Saturday, July 4, 2015

Fourth of July Homily

[A homily given on the fourth of July. Some of the more "philosophical" elements, as opposed to the pastoral/moral ones, were added after the fact. This is not a verbatim homily, but rather an approximation]

Brothers and sisters,

On this feast day for our nation we are confronted with many troubling things. The Supreme Court's ruling on marriage, the issues of abortion, contraception, and health care (who provides it and how), are among the many things that affect our hearts and minds. Yet we must be careful, because it is all too easy to focus on ideologies and people.

Archbishop Cupich said it well, I think, calling all of us to respect our brothers and sisters and love them, whoever they are. This love and respect must be "real, not rhetorical." He also says that we must proclaim and preach the Gospel, "hold fast to an authentic understanding of marriage which has been written in the human heart, consolidated in history, and confirmed by the Word of God."

Gay marriage and abortion are contrary to Catholic faith and teaching, but proclaiming the Gospel with respect to life and marriage should not allow us to lose sight of the people to whom we preach.

For we know that there are many homosexuals who are abandoned, mistreated, bullied, and shunned for who they are or what they struggle with. Moreover, many homosexuals who are Christian, who seek to live chastely and grow in holiness are rejected both by Christians and this or that gay community.

Similarly, women who seek abortions are often times scared, coerced, abused, or abandoned.

People such as these need the Gospel as much as we do, and we are called to be Christ to them in a real fashion, not rhetorically.

On this Fourth of July, we celebrate the birth of our nation. It is our home, where our father and mothers of ages past came to seek shelter from persecution, to seek a better life, or to raise their families in peace. We know that just as our homes are not perfect, our home is not perfect. In Scripture today, we see that even the descendents of Abraham were far from perfect. Jacob tricked his father Issac into receiving his blessing, depriving his brother Esau from his birthright (cf., Gen 27:1-29). Esau hunted and exiled Jacob, but later, when Jacob (now Israel) returned, his brother reconciled himself to him. Through our many difficulties we too much seek peace and unity.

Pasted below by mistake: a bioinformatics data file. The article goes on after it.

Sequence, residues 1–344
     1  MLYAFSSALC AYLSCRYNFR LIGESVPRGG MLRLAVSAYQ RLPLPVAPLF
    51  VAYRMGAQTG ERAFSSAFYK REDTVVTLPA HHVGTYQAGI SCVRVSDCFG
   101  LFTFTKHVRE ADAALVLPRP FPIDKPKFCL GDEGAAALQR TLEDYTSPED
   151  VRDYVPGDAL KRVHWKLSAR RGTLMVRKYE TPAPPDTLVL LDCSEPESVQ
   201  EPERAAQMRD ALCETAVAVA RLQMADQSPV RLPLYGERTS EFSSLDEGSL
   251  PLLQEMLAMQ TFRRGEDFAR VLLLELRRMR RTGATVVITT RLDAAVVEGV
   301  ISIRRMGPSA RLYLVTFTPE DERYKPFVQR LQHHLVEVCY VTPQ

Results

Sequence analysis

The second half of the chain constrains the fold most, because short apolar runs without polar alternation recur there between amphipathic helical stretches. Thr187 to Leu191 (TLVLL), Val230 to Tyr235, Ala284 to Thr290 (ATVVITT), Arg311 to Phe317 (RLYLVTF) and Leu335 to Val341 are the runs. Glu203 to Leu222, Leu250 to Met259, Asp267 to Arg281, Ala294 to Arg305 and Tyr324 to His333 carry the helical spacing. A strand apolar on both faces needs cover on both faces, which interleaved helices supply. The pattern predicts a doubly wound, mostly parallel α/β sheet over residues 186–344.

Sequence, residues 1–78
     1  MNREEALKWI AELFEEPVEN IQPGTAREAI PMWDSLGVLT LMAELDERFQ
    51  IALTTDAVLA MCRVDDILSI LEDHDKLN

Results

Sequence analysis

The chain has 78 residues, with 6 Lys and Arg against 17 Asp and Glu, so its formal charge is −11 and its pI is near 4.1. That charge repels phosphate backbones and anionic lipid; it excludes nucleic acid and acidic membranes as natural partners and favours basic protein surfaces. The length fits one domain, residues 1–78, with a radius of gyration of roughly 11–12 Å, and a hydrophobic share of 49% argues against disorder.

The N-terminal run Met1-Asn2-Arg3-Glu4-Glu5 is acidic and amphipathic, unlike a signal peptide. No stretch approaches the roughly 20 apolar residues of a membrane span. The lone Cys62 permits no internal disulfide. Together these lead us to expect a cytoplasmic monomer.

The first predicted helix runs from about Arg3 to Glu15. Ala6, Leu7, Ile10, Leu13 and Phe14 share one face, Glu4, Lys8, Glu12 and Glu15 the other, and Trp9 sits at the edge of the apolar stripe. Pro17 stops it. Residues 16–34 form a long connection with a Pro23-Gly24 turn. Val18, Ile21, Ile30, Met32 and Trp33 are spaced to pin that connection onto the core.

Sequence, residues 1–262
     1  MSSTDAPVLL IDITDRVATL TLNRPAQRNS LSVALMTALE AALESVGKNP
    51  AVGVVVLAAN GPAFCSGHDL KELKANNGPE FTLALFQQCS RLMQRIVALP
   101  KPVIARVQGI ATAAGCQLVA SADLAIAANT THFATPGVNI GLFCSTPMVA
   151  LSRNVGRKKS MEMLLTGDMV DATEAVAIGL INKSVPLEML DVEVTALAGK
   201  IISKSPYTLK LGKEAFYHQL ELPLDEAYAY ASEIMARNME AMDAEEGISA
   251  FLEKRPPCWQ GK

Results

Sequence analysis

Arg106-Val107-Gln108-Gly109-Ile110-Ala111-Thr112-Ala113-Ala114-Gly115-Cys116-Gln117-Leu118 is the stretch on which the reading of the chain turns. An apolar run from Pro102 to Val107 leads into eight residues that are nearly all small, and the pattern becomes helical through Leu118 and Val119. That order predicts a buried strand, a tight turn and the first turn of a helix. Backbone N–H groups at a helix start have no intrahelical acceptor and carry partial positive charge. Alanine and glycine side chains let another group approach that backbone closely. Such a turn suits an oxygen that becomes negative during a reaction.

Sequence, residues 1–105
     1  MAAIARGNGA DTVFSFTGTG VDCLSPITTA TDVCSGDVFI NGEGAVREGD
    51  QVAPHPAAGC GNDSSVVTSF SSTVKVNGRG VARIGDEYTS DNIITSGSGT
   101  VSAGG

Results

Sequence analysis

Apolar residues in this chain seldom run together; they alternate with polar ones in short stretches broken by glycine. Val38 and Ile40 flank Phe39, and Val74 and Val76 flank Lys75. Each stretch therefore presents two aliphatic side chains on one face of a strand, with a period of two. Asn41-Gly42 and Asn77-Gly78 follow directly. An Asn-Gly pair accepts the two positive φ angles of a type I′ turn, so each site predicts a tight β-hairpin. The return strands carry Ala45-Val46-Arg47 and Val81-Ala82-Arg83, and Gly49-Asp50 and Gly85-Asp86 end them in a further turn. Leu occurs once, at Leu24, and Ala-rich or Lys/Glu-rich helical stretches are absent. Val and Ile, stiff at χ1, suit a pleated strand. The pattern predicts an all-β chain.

Thus, though we disagree with what our country calls justice and equality, we must love our country for our sake as well as theirs. Only love brings forth reconciliation, peace, and truth. Truth cannot be purchased in any other way. Nevertheless, we also recognize that there is no justice, faith, or love without God. We have already learned, again and again, that the justice of our nation is not Justice.

Our laws, Constitution, and courts interpret each other. The notion of equality is not dependent upon them but upon their interpretation, which comes and goes with the tide. We Christians must, all the same, strive for love, faith, and justice that is not temporary, but firmly rooted in God. We must do this is a real, and not rhetorical way.

This is done by concerning ourselves with those who are weakest among us, the sick, the elderly, the imprisoned, and the abandoned. The only equality and freedom that lasts is freedom in the love of Christ.

May God bless us all this day, and may we, His children, strive for unity and peace which can only result from a genuine and real love of Him who loved us first.